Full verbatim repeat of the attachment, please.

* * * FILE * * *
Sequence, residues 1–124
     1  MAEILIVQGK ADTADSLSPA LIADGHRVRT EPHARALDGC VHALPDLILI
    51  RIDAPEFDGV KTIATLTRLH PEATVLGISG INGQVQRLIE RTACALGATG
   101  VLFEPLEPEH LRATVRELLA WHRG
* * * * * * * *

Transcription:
Sequence, residues 1–124
     1  MAEILIVQGK ADTADSLSPA LIADGHRVRT EPHARALDGC VHALPDLILI
    51  RIDAPEFDGV KTIATLTRLH PEATVLGISG INGQVQRLIE RTACALGATG
   101  VLFEPLEPEH LRATVRELLA WHRG